In this Saturday, Jan. 12, 2019 photo, a motorcyclist rides off in his Harley Davidson, across from SpaceX prototype Starship hopper at Boca Chica Beach, Texas. (Miguel Roberts/The Brownsville Herald via AP)

    Photo: Miguel Roberts, Associated Press

Photo: Miguel Roberts, Associated Press
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In this Saturday, Jan. 12, 2019 photo, a motorcyclist rides off in his Harley Davidson, across from SpaceX prototype Starship hopper at Boca Chica Beach, Texas. (Miguel Roberts/The Brownsville Herald via AP)
In this Saturday, Jan. 12, 2019 photo, a motorcyclist rides off in his Harley Davidson, across from SpaceX prototype Starship hopper at Boca Chica Beach, Texas. (Miguel Roberts/The Brownsville Herald via AP)

Photo: Miguel Roberts, Associated Press

SpaceX to develop, test Starship prototype in South Texas
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SpaceX, the commercial space company of billionaire Elon Musk, is working in South Texas to develop and test an early prototype of the vehicle designed to take people to the moon and Mars.

The Starship vehicle, with a test version recently assembled at Boca Chica beach near Brownsville, could one day carry space travelers atop a powerful rocket. The Starship integrated with the Super Heavy Rocket, previously called BFR, is expected to be more powerful than the Saturn V rocket that NASA used to propel astronauts to the moon.

The assembly of the test Starship is reinvigorating the Greater Brownsville community after long delays and roadblocks. SpaceX first announced its Gulf Coast launch facility in 2014, but then years went by with little to no activity. People can now see the vehicle while driving along the beach, stopping to gawk and take pictures.

At HoustonChronicle.com: SpaceX success gives Texans reason to cheer

Gilberto Salinas, who spent three years negotiating with SpaceX to build the Boca Chica beach launch facility, took his family to see the test vehicle on Sunday.

“When this company gets to Mars,” he said, “we will be able to come back and say, ‘Well, we were there when it all started.'”

SpaceX was founded by Elon Musk in 2002. He started with big ambitions and, six years later, launched the Falcon 1 rocket that became the first privately developed, liquid-fuel rocket to reach Earth’s orbit. The company’s growth has continued since then, winning work with NASA to bring cargo and, one day, astronauts to the International Space Station. SpaceX selected Boca Chica for a commercial launch site due to its proximity to the equator and distance from populated areas.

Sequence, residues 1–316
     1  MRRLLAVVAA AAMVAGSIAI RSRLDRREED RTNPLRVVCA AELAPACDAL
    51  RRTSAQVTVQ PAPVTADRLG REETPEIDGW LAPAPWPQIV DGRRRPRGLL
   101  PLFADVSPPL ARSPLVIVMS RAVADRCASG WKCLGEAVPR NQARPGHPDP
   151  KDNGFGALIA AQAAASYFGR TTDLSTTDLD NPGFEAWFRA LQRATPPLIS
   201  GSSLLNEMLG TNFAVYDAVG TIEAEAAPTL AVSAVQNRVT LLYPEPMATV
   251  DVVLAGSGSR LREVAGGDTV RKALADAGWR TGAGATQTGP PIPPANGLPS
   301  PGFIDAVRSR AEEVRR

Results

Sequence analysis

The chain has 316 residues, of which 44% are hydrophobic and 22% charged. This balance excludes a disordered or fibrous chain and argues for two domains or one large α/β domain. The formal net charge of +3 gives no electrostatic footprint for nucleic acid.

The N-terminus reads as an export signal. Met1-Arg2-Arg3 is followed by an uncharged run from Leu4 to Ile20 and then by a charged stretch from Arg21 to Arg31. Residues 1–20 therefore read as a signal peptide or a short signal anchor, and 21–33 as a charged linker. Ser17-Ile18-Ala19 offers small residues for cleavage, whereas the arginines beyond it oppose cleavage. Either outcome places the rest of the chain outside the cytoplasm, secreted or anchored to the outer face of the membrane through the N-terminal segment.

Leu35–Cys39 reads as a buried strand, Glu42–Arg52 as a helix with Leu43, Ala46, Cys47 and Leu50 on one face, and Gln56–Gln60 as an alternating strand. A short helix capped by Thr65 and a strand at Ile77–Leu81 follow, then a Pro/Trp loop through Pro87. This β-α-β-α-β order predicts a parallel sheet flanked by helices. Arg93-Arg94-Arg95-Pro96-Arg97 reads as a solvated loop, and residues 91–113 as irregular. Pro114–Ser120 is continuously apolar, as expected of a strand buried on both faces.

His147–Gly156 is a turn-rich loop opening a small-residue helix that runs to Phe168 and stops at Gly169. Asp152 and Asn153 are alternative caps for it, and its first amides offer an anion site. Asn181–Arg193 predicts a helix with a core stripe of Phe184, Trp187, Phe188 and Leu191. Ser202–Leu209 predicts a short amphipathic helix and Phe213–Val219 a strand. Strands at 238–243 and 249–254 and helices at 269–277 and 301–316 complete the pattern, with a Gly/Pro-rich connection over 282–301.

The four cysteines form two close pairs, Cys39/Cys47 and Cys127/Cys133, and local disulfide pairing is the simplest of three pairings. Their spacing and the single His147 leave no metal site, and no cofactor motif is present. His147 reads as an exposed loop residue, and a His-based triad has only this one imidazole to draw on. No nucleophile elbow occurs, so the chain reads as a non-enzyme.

SpaceX used a local company to help manage the manufacturing process associated with assembling the test vehicle, said Mario Lozoya, executive director and CEO of the Greater Brownsville Incentives Corp., one of the organizations that provided incentive money to help attract SpaceX.

Lozoya believes tests and launches will take place this year, which could provide data for future versions of the Starship.

To the moon: SpaceX names first private passenger to fly around the moon

“For people from the immediate area around Brownsville and the border region,” he said, “to see front-end technology in our backyard is really exciting.”

Construction of the Boca Chica launch site had previously been delayed as SpaceX discovered the ground was unstable. The company trucked in 310,000 cubic yards of soil, enough to cover a football field that’s 13 to 14 stories tall, which was put on top of the sand and left to settle and compress before construction.

Unexpected incidents with SpaceX operations outside of Texas, including an anomaly during a flight to the International Space Station in 2015, also forced the company to put its Boca Chica launch site plans on the back burner. The problem temporarily grounded SpaceX operations and demanded the company’s attention.

But work slowly ramped up. Last year, SpaceX successfully launched the Falcon Heavy — billed as the world’s most powerful operational rocket — from Kennedy Space Center, sending a Tesla sports car into space during the test launch. Musk then floated the idea of testing an even more powerful vehicle in South Texas.

Starship is not the first SpaceX test vehicle to be in Texas. In McGregor, where SpaceX tests all of its rocket engines, the “Grasshopper” reusable rocket prototype was used to perfect the guidance, navigation and control systems for landing a rocket booster vertically. The prototype’s namesake comes from its large, insect-like landing gear. The Grasshopper started with hops of only a matter of inches, but ultimately it flew half a mile into the air.

At HoustonChronicle.com: SpaceX engineers put rocket engines through their paces

In a statement, SpaceX said it’s developing the Starship test vehicle in Texas “to streamline operations.” The decision won’t affect its current manufacturing, design and launch operations in Hawthorne and Vandenberg Air Force Base in California.

In a Tweet, Musk said the test vehicle, or “test hopper,” at Boca Chica beach is at its full diameter of 30 feet, but it’s not at full height. It’s designed to do suborbital tests. SpaceX expects to complete its first orbital prototype around June.

In a separate Tweet, Musk said he will provide a full technical presentation of Starship “after the test vehicle we’re building in Texas flies, so hopefully March/April.”

It’s the kind of news that Lozoya said can help counter a barrage of negativity brought onto border communities by the border wall and immigration debates.

“Something like this kind of mitigates that narrative to more of a positive narrative,” he said.